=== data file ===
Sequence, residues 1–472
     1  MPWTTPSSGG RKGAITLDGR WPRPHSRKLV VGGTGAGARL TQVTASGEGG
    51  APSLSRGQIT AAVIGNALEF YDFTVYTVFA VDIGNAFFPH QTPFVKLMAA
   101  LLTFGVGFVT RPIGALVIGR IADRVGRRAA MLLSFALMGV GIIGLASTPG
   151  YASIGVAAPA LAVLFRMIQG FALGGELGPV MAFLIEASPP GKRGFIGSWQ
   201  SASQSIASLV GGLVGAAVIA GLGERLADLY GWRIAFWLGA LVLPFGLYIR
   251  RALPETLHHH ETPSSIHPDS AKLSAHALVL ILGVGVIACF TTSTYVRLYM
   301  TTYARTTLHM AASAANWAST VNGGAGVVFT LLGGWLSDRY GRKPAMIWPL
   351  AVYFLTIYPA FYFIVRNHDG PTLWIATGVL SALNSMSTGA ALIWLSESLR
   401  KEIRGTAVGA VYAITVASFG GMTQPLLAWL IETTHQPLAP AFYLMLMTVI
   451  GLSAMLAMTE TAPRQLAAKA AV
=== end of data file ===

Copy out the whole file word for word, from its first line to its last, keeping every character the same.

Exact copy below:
Sequence, residues 1–472
     1  MPWTTPSSGG RKGAITLDGR WPRPHSRKLV VGGTGAGARL TQVTASGEGG
    51  APSLSRGQIT AAVIGNALEF YDFTVYTVFA VDIGNAFFPH QTPFVKLMAA
   101  LLTFGVGFVT RPIGALVIGR IADRVGRRAA MLLSFALMGV GIIGLASTPG
   151  YASIGVAAPA LAVLFRMIQG FALGGELGPV MAFLIEASPP GKRGFIGSWQ
   201  SASQSIASLV GGLVGAAVIA GLGERLADLY GWRIAFWLGA LVLPFGLYIR
   251  RALPETLHHH ETPSSIHPDS AKLSAHALVL ILGVGVIACF TTSTYVRLYM
   301  TTYARTTLHM AASAANWAST VNGGAGVVFT LLGGWLSDRY GRKPAMIWPL
   351  AVYFLTIYPA FYFIVRNHDG PTLWIATGVL SALNSMSTGA ALIWLSESLR
   401  KEIRGTAVGA VYAITVASFG GMTQPLLAWL IETTHQPLAP AFYLMLMTVI
   451  GLSAMLAMTE TAPRQLAAKA AV